Planners meet demands of same-sex weddings

Excerpt from an article, as published at ChicagoTribune.com
By Gwendolyn Purdom, Special to Tribune Newspapers

Joey Scaletta didn’t grow up dreaming of his wedding day. As a gay man, he figured that a traditional ceremony and reception weren’t in the cards — until a few years ago, when suddenly, legally, they were. Scaletta and his husband, Marc Gann, who live in Kansas, legally wed in New York City last April.

“When (our wedding planner) asked, ‘What do you envision for your big day?’ my response was, ‘I don’t know. I’ve never envisioned my big day,’ ” Scaletta says.

Same-sex weddings aren’t new, but with more states legally recognizing gay and lesbian marriages, brides, grooms and industry professionals are seeing a shift in the way same-sex couples are planning and celebrating their nuptials, and the way vendors are responding….

…For years, gay and lesbian weddings have been smaller, often because families or friends weren’t supportive or it was hard for guests to travel to a state where same-sex marriage was legal. Kathryn Hamm, president of GayWeddings.com, says that also is changing.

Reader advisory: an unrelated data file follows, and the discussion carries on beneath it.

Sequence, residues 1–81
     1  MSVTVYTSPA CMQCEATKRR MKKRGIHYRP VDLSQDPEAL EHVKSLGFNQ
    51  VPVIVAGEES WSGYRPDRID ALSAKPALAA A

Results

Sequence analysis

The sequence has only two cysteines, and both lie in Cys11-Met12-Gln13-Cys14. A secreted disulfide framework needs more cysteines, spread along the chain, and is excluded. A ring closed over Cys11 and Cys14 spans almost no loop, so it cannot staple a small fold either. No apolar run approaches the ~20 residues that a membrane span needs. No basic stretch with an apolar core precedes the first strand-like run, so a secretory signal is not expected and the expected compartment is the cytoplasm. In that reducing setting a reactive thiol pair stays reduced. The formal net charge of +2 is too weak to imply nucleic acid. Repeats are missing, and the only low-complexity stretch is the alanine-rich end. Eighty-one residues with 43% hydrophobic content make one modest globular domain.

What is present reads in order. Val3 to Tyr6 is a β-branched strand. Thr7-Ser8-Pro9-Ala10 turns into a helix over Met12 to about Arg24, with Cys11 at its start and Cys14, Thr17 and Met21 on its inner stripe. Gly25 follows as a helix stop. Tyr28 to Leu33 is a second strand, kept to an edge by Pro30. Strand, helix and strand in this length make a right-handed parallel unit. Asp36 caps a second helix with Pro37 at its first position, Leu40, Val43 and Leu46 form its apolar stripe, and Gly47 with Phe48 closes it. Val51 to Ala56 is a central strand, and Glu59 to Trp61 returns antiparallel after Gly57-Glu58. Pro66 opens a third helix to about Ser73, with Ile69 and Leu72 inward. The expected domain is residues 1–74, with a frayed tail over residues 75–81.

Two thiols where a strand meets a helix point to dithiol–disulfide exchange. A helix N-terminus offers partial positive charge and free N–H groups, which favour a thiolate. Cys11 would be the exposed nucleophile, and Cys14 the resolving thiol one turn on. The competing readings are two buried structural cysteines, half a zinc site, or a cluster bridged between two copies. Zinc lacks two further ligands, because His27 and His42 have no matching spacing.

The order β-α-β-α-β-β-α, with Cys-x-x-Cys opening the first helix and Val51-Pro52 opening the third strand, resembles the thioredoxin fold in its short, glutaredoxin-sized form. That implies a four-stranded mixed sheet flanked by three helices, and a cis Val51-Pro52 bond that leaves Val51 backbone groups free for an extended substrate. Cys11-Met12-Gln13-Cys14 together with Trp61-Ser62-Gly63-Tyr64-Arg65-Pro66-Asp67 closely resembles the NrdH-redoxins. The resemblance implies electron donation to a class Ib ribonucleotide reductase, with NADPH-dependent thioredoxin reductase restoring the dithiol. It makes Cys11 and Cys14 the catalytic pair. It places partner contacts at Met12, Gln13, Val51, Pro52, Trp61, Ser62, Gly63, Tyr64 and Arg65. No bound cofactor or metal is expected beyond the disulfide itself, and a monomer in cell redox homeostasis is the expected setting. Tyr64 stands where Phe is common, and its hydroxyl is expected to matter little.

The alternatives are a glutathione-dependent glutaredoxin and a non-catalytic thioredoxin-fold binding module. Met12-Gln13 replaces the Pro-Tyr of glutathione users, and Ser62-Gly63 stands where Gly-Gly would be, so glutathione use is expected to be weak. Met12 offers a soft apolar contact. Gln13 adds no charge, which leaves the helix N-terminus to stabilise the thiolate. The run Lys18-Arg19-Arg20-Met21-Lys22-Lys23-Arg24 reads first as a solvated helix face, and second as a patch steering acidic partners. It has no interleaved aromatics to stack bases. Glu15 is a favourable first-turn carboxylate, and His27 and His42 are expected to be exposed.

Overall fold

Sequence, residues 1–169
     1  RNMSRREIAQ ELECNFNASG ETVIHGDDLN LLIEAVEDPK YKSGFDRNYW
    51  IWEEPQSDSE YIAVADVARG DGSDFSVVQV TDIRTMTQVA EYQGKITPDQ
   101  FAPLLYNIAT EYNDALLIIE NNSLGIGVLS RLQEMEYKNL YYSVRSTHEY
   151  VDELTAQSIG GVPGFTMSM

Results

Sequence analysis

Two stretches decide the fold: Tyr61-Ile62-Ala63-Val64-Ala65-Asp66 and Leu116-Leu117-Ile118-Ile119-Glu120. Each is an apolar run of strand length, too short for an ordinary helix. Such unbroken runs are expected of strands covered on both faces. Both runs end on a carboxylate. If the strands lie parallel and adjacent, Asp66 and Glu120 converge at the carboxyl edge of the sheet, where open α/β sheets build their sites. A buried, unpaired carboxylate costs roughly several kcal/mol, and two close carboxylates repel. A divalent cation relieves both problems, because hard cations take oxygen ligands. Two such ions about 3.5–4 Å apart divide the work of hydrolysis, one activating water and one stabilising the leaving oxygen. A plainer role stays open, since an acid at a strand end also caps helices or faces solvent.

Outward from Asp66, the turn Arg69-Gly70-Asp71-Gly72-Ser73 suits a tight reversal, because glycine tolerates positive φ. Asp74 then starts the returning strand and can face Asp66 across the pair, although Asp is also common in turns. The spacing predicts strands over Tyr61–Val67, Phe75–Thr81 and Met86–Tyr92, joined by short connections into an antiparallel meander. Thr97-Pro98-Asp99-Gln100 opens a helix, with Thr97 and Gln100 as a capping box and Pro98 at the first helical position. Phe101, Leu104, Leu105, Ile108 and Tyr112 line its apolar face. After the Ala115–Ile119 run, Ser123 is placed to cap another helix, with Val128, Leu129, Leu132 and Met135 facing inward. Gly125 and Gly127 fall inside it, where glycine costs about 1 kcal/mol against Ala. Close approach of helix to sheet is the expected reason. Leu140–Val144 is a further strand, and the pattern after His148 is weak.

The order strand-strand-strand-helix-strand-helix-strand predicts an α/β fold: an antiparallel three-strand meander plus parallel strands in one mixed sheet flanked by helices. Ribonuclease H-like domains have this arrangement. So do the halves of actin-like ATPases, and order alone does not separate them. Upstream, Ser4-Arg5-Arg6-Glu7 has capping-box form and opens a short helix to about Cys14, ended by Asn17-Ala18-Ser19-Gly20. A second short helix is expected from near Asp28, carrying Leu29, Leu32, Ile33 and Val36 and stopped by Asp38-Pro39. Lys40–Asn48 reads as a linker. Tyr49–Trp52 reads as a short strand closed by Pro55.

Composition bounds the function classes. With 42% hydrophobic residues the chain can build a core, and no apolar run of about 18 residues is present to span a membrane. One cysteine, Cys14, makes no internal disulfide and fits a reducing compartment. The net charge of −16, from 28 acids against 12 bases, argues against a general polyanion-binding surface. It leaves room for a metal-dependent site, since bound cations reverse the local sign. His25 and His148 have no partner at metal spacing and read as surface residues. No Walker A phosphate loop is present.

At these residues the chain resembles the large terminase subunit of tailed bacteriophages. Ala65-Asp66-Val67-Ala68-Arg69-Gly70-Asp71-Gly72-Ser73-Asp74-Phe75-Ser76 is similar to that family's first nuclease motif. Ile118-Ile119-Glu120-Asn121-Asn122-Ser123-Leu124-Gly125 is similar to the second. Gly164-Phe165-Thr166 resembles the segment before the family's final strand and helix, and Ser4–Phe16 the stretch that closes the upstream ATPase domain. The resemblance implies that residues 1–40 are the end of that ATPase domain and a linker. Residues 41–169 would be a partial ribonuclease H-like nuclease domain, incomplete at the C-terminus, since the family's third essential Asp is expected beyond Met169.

“The more families that are excited and proud of their kids for that marriage, the more it may be a bigger event and one that has a broader reach than one that a couple is putting together on a shoestring,” Hamm says.

The Washington, D.C.-based Hamm says she’s also seeing couples adopting traditions they might not have previously, such as engagement photos. In May, Hamm and photographer Thea Dodds will release a second edition of “The New Art of Capturing Love: The Essential Guide to Lesbian & Gay Wedding Photography” (Random House). Traditional approaches for heterosexual couples don’t necessarily translate to same-sex weddings, so Hamm encourages photographers to rethink their preconceptions.

Other industry professionals are also evolving to accommodate all couples, though vendors still have a way to go.

“You can’t just say, ‘Oh, I like gay people. I’d love to work with you,’ ” Hamm says. “We’re certainly appreciative of that, but there are a lot of wedding professionals who are incredibly seasoned at supporting same-sex couples, and they understand what some of those higher-level needs are and are able to address them.”

Coveney Smith and Hamm say that they’d like to see vendors focus less on the bride and that websites and other editorial materials are still behind in their portrayal of gay and lesbian couples. Because the industry is largely made up of small businesses, sweeping changes will take time. But progress is being made.

Read the full article at ChicagoTribune.com